On top of the increasing unaffordability of products, there was also the shortage of cash, as it takes (or took) ten of the highest-note bills—1,000 bolivares (new ones were just released this week, with the highest note topping at 20,000)—to buy a cup of coffee, and ATMs could only dispense as much as 6,000 or 8,000 per day. So the spectacle of long lines at ATMs has replaced the spectacle of long lines at stores as a paradoxical feature of economic crisis. This is just one area. There are many others. Basic infrastructure is shot—so few street lamps work at night that the city feels darker; broken sidewalks, burned out streetlights, open manholes—on highways. While food is available at inflated prices, medicines are scarce, as are the dollars to purchase them, creating the strange picture of pharmacies forced to stay afloat by stocking as many supplies of candy, soda, and snacks as they do pills—sort of like CVS and Walgreens without the Rx.

What is the state of rank-and-file Chavismo? Your book, Barrio Rising, looked at the multi-decade history preceding Chávez’s coming to the presidency in 1998, looking especially at militant forms of popular, direct democracy in an impoverished, but militant and organized, urban barrio, 23 de Enero, that became a bastion of Chavista support (even if activists there wouldn’t primarily identify as Chavista).

What I heard there was disconcerting: anger and frustration at the government, especially in bulwarks of radical leftism like the 23 de Enero in western Caracas. El 23 is always among my first stops when I return to Caracas, and I spend much time there besides. It’s not only where I lived over a year while researching what became my book, which is a social history of the neighborhood. It’s also where many friends live and work and struggle, people who have long imagined themselves as revolutionaries first, Chavistas second—if at all. As early as 2003, when I first began working in the neighborhood, acerbic critiques of Chávez and his government were rife: too accommodationist, too top-down, too rentier. But their critiques were always couched in recognition that what Chávez, and Chavismo, offered was a space to experiment with forms of grassroots democracy whose roots I trace in my book. Their ability to navigate support for and opposition to the government, based on decades of organizing electorally and otherwise to seek the benefits of full citizenship, long informed their approach to Chavismo, critical support.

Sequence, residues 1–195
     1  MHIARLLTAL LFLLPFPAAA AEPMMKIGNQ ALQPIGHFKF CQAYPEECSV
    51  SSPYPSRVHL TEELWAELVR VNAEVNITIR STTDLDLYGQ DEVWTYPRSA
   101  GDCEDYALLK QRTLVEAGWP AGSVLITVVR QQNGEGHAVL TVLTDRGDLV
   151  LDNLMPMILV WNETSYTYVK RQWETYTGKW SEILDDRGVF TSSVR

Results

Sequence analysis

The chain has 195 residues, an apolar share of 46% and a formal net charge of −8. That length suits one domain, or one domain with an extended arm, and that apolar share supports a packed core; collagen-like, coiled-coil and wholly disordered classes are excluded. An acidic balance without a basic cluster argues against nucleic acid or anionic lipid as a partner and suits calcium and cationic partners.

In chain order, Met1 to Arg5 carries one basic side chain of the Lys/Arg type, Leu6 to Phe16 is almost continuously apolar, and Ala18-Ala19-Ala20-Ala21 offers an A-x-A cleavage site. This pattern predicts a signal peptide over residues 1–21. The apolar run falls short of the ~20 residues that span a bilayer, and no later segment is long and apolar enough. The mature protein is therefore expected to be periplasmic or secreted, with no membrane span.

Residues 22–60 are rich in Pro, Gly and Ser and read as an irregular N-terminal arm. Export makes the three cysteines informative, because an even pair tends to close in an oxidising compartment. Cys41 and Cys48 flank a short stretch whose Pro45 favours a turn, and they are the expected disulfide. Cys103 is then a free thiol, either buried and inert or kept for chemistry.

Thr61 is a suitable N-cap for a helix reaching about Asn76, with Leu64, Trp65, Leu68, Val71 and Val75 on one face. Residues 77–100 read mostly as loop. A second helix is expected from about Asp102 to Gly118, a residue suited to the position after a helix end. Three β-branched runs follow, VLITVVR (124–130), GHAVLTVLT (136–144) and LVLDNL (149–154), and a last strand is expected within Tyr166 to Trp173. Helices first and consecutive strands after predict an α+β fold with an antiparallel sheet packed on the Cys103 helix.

But that’s changed?

As recently as last year, what was striking was the urgency of the rage I heard from friends and respondents—arrechera, in Venezuelan parlance—directed at government corruption, incompetence, and indecision, and most particularly at the military, all of which they understood as the primary enemies of gains they had made over the previous decade. Mind you, these are people who staked their lives in 2002 to support Chávez during the failed coup, who flocked to the polls to support his and his candidates’ elections, who took to the streets—sometimes violently and earning rebukes by Chávez and other officials—to confront opposition guarimbas [demonstrations] in 2004, 2007, and 2014. But they are also people who didn’t hesitate to oppose Chávez and Chavismo. Most recently, many were surprised when the opposition won by a small margin in El 23 last December. It was read as a sign that even in this most Chavista of neighborhoods, people were ready to take their chances with the opposition. That’s not the case. Rather, as at other moments, they were sending a powerful signal—either by abstaining or voting for the opposition—of their displeasure with the government, far short of actually handing state power to a political alternative that they remained convinced would offer nothing better.